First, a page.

Start and end point of walk: The car park in Glen Trool, at NX414803. This cannot be reached by public transport: it took me about 20 minutes to drive there from Newton Stewart. The walk took me 5¾ hours.
Pub at end: Nothing at the terminus, but on the drive out one first passes the café at the Glentrool visitor centre, and then, at Bargrennan, the House o’Hill Hotel. This place looks tiny from the outside but is in fact a spacious and pleasant pub, with good beer and a nice covered patio on which to sup it. Recommended, and I regretted that I did have to drive on so couldn’t have more beers, not to mention dinner.
Distance walked: 12 miles/19.3km approximately.
Feet of ascent: 4,000 feet/1,220m approx. Of all the walks done so far this is the second highest of these figures, behind only the pull up Ben Nevis. The reason is not just the height of the mountains themselves but the fact that one must re-ascend a substantial portion of Merrick after having bagged its neighbour — see the route notes below.
Difficulty: ★★★★. If the walk were only up Merrick, I would award three stars. That climb is definitely uphill, but never particularly steep or difficult, and the paths are clear throughout (if a bit soggy in the early stages).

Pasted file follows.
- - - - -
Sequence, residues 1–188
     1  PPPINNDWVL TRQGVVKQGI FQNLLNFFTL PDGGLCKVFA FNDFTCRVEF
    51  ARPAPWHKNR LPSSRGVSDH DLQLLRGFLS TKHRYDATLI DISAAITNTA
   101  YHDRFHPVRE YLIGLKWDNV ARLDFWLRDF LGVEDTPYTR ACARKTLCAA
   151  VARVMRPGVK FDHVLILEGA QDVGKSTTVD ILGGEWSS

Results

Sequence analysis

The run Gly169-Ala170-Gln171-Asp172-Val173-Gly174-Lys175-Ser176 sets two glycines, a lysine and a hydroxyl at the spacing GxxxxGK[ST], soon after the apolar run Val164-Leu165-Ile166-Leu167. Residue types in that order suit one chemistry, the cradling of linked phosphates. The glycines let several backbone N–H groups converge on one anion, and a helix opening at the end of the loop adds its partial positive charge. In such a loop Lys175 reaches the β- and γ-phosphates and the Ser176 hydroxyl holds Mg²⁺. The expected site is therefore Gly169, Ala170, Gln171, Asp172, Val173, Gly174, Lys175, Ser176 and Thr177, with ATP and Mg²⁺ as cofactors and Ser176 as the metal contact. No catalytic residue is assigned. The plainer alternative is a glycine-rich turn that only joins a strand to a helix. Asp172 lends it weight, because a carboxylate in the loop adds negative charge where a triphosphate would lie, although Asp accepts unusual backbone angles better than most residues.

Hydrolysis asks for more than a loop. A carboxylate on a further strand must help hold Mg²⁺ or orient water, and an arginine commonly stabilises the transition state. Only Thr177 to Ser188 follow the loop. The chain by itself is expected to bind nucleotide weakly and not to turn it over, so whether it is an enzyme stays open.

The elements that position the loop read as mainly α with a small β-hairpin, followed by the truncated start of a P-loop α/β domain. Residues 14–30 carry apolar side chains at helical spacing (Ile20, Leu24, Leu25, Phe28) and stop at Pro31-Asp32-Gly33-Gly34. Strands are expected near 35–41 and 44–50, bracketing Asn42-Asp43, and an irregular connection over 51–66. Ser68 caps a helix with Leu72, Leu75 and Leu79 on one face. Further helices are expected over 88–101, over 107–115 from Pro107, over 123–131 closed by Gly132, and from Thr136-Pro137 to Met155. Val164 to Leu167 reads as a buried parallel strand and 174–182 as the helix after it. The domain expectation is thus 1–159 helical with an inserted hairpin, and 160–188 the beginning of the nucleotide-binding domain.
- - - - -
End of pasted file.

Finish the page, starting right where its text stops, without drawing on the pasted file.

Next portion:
However, adding on Kirriereoch Hill makes it a considerably tougher expedition, as the paths disappear and the route requires a steep descent off Merrick that you then have to reascend later. There is never any rock to handle but the full walk is definitely a four-star proposition.
Ease of access: ★. Unlike yesterday, reaching the starting point does not engender the feeling that one has become the first driver ever to pioneer this route for cars, and there is at least proper parking available (which was already quite full by the time I arrived at 9am on a Sunday morning). But it’s still a substantial trek, in a particularly out-of-the-way corner of Britain.